Premier Horgan lectures on forest reforms at COFI conference


“I don’t think we should be scared off by a handful of people who believe they are morally superior to the rest of us,” Premier John Horgan said.

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Premier Horgan told BC’s major forestry companies that he had heard their complaints about the high cost of accessing wood, but that his government would stay the course on protecting old-growth forests and modernizing the policy in accordance with reconciliation with First Nations.

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“I don’t want to sound deaf to these questions, I know we’re a high-cost jurisdiction,” Horgan told a crowd of more than 750 at the Council of Forest Industries (COFI) convention in Vancouver. , “but we are also an extraordinary jurisdiction”, with forests, workers and communities “that are deeply important to the rest of the world”.

And the premier took note of the near-record profits major lumber producers are racking up, making now the “perfect transition time in British Columbia to build the forestry industry we all want to see.”

Doing that, however, will mean tackling forest health, which the province has focused on in modernizing policy to prioritize ecosystem management, which Horgan has encouraged industry players to focus on. to continue to work with the government.

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“I don’t think we should be scared off by a handful of people who believe they are morally superior to the rest of us,” Horgan said, referring to displays of old age, including a small action at the exterior of the JW Marriott hotel attached to the Parq Casino conference center.

Three Save Old Growth protesters glued and chained themselves to gates, which went mostly unnoticed on the conference floor and had been removed by security before Horgan arrived.

However, Horgan said British Columbians care deeply about protecting their forests, even if they “not all engage in civil disobedience.”

And he has shown no signs of backing down on implementing the old-growth forest review commissioned by his government, which has removed some 1.7 million hectares of forest out of competition for harvesting as part of temporary postponements.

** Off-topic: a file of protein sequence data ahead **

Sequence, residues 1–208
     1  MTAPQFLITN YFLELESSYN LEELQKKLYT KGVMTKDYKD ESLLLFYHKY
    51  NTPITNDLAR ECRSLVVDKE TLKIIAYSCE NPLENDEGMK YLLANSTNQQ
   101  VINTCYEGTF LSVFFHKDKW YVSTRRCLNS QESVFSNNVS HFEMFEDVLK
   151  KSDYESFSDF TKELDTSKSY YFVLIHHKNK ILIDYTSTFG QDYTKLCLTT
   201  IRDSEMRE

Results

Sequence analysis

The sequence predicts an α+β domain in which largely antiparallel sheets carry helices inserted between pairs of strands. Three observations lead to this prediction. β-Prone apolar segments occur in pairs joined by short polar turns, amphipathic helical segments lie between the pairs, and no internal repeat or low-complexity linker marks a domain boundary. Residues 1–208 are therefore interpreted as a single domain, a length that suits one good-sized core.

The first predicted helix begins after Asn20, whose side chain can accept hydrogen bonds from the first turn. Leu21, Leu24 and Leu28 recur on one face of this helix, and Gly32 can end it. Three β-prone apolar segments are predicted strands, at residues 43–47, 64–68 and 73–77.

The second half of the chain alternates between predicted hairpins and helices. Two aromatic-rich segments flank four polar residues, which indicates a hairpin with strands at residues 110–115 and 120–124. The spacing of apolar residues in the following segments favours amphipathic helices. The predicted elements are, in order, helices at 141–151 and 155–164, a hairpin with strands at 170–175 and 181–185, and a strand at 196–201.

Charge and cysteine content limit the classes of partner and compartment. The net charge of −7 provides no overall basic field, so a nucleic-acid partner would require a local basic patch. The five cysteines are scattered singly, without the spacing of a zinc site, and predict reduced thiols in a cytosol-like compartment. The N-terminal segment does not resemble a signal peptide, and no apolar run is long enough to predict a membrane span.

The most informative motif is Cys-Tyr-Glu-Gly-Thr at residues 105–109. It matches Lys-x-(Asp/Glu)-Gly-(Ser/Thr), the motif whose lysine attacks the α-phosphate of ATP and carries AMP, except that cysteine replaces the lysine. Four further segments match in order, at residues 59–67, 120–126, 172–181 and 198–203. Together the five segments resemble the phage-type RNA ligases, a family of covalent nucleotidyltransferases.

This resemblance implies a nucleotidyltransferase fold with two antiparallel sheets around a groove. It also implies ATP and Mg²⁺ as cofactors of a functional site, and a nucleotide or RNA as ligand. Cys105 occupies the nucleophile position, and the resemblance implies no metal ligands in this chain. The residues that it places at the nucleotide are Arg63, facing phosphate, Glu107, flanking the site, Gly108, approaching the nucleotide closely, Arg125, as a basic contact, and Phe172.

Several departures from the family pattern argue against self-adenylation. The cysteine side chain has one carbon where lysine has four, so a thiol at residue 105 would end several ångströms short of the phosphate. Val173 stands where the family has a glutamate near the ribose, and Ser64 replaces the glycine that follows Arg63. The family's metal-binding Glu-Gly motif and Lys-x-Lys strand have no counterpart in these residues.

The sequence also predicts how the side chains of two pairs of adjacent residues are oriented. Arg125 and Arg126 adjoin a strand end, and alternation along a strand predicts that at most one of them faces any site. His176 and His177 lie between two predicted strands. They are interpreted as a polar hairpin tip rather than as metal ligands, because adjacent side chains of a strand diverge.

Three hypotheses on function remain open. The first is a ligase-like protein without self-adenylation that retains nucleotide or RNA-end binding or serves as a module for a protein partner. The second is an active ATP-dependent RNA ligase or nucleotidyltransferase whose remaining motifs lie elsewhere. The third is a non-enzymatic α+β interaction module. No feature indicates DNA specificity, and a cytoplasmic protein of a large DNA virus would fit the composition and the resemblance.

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“We have to recognize that, we have to accept that,” Horgan added, not “apologizing.”

“We want a working forest, we want areas where people can come in and marvel at the majesty, but we have to do it with our eyes wide open,” Horgan said.

The “best way forward”, he added, will be in cooperation with First Nations and with “workers who understand that we are going through this together”.

Horgan’s speech capped the day-and-a-half event, where BC’s most powerful industry leaders hoped to hear signs that their concerns about maintaining reliable access to timber had been heard.

The Prime Minister did not address the subject directly, but COFI Chairman Don Kayne said delegates were “definitely encouraged, with the comments he made”.

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“We support collaboration and always have,” added Kayne, CEO of Canfor Corp., British Columbia’s largest forestry company. “He clearly talked about some of the challenges that we have, but we’ve always had challenges in this industry. The key is going to be that we all recognize that we all have a part to play in the solution.

Regarding access to wood, Kayne said leaders understand that BC’s wood inventory is “evolving.”

“We all know that we have been dealing with a decline (in timber harvest) for several years because of the (mountain pine) beetle, because of the forest fires, because of the floods and all of that combined,” said said Kayne. “It’s a complex issue and I think over time here we will understand better.”

COFI CEO Susan Yurkovich closed the convention for the final time, after announcing her resignation to the board after seven years in the role during a tumultuous time for the industry.

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